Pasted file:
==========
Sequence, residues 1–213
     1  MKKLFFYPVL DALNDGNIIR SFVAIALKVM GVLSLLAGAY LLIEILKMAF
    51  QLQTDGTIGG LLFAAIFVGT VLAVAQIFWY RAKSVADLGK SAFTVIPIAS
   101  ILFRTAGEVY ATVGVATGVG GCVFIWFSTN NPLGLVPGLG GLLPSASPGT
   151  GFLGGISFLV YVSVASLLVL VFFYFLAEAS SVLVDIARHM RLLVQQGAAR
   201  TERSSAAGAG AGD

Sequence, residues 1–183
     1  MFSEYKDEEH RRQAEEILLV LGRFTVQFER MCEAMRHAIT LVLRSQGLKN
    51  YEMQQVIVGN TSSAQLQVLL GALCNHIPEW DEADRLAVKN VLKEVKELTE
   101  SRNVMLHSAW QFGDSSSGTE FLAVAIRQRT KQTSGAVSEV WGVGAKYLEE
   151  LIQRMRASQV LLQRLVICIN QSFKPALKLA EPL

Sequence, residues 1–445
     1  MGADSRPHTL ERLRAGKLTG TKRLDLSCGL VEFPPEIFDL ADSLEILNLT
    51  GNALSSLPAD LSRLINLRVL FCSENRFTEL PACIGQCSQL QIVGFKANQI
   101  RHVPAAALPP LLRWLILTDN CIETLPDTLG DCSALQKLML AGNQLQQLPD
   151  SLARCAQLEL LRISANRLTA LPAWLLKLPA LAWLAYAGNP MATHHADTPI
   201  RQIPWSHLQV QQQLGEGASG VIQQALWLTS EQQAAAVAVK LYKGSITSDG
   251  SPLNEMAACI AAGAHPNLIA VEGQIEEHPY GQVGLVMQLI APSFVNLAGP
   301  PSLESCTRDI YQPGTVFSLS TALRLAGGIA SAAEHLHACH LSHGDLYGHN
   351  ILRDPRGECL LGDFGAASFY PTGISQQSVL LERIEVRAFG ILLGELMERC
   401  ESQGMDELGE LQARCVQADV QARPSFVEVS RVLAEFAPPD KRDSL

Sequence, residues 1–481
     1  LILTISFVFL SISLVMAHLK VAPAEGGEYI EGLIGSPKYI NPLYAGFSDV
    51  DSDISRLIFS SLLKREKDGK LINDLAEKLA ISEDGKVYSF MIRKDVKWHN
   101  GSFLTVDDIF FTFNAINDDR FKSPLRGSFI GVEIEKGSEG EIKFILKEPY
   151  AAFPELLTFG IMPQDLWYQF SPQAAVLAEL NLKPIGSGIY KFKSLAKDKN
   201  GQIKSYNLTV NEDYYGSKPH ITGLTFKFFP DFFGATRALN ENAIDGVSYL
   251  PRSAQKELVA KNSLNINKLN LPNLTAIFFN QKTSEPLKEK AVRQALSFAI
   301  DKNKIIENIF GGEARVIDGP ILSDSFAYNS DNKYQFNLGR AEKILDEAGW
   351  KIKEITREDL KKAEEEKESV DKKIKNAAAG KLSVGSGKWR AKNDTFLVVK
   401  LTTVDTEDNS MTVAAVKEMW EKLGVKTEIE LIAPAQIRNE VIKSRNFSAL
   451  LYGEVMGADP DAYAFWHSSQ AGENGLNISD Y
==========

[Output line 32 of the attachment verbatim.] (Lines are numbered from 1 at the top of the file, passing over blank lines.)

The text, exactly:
   451  LYGEVMGADP DAYAFWHSSQ AGENGLNISD Y